A little while ago, I received e-mail and snail mail from AT&T@Home, telling me that their Internet service provider, Excite@Home, may shut down as part of its (Excite’s) bankruptcy proceedings and that I’d receive information from AT&T about migrating to their own network should this happen.
Well, a judge has given Excite@Home permission to shut down, meaning I’m expecting some sort of blurb from AT&T anytime now.
I just hope I don’t lose my Internet connectivity during this mess. That would not make me a happy camper.
My friend, Joanna, and I have been giving each other all sorts of crap pretty much since the day we “met” in a USENET newsgroup, but it’s all been in good fun (though you’d have a hard time believing it if you ever read our back-and-forth banter :-)
Unfortunately, she has unwillingly become a more than casual victim of one of the latest Outlook virus attacks, namely the so-called Badtrans virus.
There are probably a couple of people that I would wish this upon, but she’s definitely not one of them.
The game… ugh, the game. Texas A&M fell at home to arch-rival Texas, 21-7, ending the Aggies’ regular season at 7-4 (4-4 in the Big 12). Now we await a possible bowl bid, most likely a very minor bowl (galleryfurniture.com Bowl, anyone?) but with a fleeting shot at a mid-level one (Alamo Bowl). *aaarrgh*… if we only had an offense…
A cool bonus almost literally dropped into my lap this weekend, however. For some time, I’ve been looking for a copy of an out-of-print 1951 book called The Story of Texas A. and M. by George Sessions Perry, an early history of Texas A&M that’s damn near impossible to find nowadays. As it turns out, my soon-to-be mother-in-law had a copy of it—almost forgotten by her—sitting on a bookshelf. I remarked (completely innocently, mind you) that I had been looking for this book, and in a rather generous gesture, she gave me her copy, just like that. Really cool.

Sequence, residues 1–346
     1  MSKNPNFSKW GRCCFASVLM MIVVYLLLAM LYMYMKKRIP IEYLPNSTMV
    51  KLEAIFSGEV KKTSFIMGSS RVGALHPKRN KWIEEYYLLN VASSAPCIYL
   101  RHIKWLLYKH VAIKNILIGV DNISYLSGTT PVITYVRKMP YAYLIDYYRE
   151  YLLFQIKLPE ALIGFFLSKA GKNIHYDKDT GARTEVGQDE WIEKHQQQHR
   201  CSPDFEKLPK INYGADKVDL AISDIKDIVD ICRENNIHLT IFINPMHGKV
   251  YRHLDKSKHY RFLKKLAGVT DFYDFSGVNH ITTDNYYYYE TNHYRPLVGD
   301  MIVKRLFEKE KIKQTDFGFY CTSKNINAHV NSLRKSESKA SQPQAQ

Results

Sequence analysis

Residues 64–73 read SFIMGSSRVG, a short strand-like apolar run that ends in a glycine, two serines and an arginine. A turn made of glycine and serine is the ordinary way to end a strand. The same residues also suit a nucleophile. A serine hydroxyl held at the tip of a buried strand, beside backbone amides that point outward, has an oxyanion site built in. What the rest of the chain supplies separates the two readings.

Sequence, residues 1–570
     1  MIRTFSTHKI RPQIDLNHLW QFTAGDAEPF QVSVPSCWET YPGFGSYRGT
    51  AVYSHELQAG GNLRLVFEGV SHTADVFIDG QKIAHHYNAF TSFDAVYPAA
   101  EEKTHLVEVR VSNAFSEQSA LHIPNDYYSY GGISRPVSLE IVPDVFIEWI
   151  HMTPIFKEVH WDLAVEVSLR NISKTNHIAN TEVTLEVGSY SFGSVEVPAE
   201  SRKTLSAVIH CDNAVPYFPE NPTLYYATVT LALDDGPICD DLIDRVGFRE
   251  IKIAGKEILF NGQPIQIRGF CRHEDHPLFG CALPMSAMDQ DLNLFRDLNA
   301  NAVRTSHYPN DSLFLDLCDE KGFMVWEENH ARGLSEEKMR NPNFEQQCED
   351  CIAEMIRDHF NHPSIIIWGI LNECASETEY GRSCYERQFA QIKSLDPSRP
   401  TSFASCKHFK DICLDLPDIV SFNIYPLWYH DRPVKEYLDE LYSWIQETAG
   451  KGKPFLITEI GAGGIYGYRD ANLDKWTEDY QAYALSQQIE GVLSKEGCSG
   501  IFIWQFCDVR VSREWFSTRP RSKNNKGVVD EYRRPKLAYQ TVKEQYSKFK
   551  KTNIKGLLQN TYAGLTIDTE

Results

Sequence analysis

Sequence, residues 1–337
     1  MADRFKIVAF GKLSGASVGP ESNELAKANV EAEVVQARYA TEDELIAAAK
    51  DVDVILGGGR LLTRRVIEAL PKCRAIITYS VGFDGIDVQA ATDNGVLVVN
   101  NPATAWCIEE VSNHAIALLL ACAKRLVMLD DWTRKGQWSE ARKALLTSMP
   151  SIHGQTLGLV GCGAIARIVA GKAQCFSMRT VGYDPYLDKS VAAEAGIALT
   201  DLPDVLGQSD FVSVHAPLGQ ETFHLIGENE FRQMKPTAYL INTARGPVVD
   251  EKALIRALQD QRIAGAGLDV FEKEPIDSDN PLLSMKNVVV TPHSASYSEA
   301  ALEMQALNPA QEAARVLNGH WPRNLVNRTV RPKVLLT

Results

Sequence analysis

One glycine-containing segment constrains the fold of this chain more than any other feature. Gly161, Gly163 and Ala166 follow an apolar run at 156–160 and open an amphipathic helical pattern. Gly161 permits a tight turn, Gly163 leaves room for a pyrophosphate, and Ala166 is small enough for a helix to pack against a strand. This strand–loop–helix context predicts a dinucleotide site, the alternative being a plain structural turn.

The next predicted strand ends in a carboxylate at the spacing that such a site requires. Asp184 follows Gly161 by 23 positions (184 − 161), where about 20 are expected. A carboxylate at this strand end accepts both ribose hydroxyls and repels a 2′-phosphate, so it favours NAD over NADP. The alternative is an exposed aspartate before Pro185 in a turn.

On Friday, my sweetie made mandu (Korean dumplings) for her family, something she’s been itching to do since first being introduced to the dish by my mom last Christmas. It was a rousing (and quite yummy) success. We also bought a jar of kimchi (Korean pickled cabbage) at an Asian food market to bring back with us—and then prodeeded to leave the jar in her mom’s fridge, something we didn’t remember until we were on our way back home. (D’OH!)
I really should be getting back to work now.
We’re heading off to Houston in about half an hour for the holidays. We’ll be with my sweetie’s family through Friday, as my folks are in Florida spending time with my brother and sister-in-law. We’ll get to see them (my parents) this weekend in College Station before heading back up here on Sunday.
Family and friends and football (Texas A&M vs. Texas on Friday—methinks that this won’t be a pretty game, unfortunately…), with not a hint of work for a few days. What’s not to like?
T. brought his two kids to work today, and a bunch of us were standing around talking and playing with them when we spotted L. coming down the aisle. S. made the comment “Uh oh, here comes trouble!” (That S.—such a rabble-rouser… :-) When L. made it to our group, someone did the standard goo-goo talk with the kids, going, “Hey, who’s dat? Who’s dat dat just walked up?”
And without missing a beat, the eldest child—a three-year old—replied, “Dat’s twouble.” Too cute.
L.’s response? “Oh, that’s just great. He’s already got me figured out.”
Of course, as L. was coming down the aisle, we had told the kid to run down to him and yell, “Daddy!” (L. is chronically single.) However, something got lost in the translation, because this ended up being the actual exchange:
Child: “I’m the man!”
L. (confused): “You’re the man?”
Child: “Yup, I’m the man!”
L.: “Aaaall right then.”